And it’s not just individuals, God’s ultimate aim is that his Son one day is surrounded by so many different and varied people who are united in their perfect Christ-likeness. All his working is with that view that Jesus “might be the firstborn among many brothers” (29). It’s not that we will be clones of Jesus, like an army of identical people. No, this perfect Christlikeness will still preserve our unique humanity, character, personality, but beautifully perfected. We will not just be partially or occasionally like him, but will be completely and forever like him. Verse 30 calls it being “glorified” and we’ll look in more detail at this heavenly purpose in another sermon.


Cooperate with God’s purpose. Although this is God’s Work, he wants us to work with him in his great purpose, not against him. We can “waste” our suffering if instead of humbly submitting to it, we fight it, resent it, argue against it. It’s like sawing a piece of wood with a knot in it. The carpenter will take longer to cut through it and may even need a tougher saw. Be a knot-free piece of soft wood for maximum Christ-likeness.

Anticipate God’s purpose. Look ahead to the great end of all suffering – Christlikeness. We go through chemo, radiation, and surgery with varying hopes that the pain of the suffering will be worth it in the end, but that doesn’t always work out, does it? In this case, though, it will definitely work out. We can look ahead to this as a certain prospect. Look up to heaven and see there so many Christians already perfectly Christ-like in their souls, and soon to have visible expression in their bodies too.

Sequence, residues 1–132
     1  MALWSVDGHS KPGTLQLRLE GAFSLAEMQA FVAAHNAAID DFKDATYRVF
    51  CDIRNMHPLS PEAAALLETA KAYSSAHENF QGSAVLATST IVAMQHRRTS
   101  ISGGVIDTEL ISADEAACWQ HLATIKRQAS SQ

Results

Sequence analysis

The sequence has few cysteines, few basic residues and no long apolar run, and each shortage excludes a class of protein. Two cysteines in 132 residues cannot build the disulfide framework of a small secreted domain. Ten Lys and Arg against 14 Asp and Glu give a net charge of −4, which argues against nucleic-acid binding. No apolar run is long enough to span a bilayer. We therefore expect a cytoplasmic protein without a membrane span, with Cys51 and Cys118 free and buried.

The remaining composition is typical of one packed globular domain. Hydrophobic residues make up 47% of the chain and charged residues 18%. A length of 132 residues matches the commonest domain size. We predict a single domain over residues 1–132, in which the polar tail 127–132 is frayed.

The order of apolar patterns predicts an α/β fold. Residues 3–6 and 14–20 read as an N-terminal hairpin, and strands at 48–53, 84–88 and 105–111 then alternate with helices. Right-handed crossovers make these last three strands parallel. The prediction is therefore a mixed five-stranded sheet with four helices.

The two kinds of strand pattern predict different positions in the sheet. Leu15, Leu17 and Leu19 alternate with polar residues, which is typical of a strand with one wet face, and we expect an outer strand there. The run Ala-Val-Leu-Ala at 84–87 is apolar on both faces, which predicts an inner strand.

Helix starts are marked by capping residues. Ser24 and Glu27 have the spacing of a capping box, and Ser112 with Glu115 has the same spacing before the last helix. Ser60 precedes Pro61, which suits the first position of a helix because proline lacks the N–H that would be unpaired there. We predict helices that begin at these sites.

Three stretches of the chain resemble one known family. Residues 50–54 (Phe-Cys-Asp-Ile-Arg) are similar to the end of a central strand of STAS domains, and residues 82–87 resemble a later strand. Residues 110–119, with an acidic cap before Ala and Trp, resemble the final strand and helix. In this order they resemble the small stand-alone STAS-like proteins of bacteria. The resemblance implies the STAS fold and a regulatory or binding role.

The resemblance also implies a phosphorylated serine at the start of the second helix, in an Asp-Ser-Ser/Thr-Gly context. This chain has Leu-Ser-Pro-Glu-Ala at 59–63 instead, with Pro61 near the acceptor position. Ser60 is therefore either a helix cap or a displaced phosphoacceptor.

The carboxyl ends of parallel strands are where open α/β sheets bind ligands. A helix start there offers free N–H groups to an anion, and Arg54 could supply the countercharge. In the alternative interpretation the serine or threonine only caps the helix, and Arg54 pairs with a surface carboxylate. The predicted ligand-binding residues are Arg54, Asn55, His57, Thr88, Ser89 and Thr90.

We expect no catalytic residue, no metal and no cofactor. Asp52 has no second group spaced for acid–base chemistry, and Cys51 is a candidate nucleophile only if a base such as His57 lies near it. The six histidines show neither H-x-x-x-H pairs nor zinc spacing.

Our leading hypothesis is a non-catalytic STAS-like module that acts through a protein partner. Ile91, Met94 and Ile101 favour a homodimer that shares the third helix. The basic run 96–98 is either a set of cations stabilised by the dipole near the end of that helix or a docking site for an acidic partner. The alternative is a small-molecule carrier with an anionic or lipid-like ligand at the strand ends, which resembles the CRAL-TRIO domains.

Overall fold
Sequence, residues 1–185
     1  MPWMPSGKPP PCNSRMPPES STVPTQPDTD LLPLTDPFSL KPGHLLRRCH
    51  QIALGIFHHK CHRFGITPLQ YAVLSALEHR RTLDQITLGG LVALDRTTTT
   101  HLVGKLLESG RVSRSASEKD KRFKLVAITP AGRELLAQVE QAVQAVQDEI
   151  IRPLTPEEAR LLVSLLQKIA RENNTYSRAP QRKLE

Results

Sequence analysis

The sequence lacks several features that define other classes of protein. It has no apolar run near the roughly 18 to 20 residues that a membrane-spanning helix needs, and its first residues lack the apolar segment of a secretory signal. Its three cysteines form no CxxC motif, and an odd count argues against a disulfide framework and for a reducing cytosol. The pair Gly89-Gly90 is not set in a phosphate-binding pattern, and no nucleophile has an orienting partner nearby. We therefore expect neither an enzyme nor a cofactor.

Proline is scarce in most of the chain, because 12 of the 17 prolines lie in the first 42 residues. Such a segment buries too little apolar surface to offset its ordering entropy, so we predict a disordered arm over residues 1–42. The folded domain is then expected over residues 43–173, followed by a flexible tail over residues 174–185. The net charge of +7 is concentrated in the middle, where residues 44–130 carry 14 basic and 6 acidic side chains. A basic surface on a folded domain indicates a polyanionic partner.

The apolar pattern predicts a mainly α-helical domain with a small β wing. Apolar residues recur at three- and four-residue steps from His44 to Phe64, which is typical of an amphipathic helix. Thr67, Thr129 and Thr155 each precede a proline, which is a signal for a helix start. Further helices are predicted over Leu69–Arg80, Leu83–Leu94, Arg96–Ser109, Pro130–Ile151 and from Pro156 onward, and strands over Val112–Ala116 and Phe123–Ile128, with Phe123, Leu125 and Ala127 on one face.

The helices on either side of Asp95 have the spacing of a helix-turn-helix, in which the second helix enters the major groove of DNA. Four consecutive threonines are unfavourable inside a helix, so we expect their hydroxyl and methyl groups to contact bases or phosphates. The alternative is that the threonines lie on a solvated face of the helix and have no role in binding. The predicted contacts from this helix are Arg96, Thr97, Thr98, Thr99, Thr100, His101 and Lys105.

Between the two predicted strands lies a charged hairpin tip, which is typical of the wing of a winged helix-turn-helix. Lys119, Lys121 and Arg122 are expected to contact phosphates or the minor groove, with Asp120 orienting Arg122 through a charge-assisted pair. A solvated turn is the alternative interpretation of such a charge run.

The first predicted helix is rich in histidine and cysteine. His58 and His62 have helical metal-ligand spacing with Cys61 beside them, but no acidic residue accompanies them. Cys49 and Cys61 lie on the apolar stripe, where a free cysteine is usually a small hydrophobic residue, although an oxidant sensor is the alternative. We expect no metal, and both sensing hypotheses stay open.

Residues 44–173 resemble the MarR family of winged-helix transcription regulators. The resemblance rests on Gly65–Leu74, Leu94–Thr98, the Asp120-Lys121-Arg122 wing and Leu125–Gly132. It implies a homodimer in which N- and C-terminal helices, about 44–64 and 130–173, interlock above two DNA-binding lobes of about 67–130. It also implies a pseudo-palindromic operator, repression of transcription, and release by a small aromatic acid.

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Unbelievers. If you are not one of God’s children by faith in Jesus then not only are bad things working for your bad, but good things are working for your bad.

Believers. Use Scriptural examples of this to strengthen your faith in God’s good purpose: Joseph, Ruth, Job, Esther, David, Jonah, Peter, Paul, John, Jesus.

Children: John Piper taught the children in his congregation, this little saying: “When things don’t go the way they should, God always makes them turn for good.”

Prayer: Christ-Shaper, continue your good work of making me like Christ through good things and bad things by giving me faith in your promise and hope in your purpose.


1. What suffering has made you question God’s purpose?

2. If this is a promise to God’s people, what can we say about suffering to unbelievers?

3. What’s the hardest part of the “ALL” things to believe any good can come of it?

4. What do these verses tell you about God?

5. How can you help or hinder the realization of God’s purpose in your life?

6. What examples can you give of these verses in your own or others’ suffering?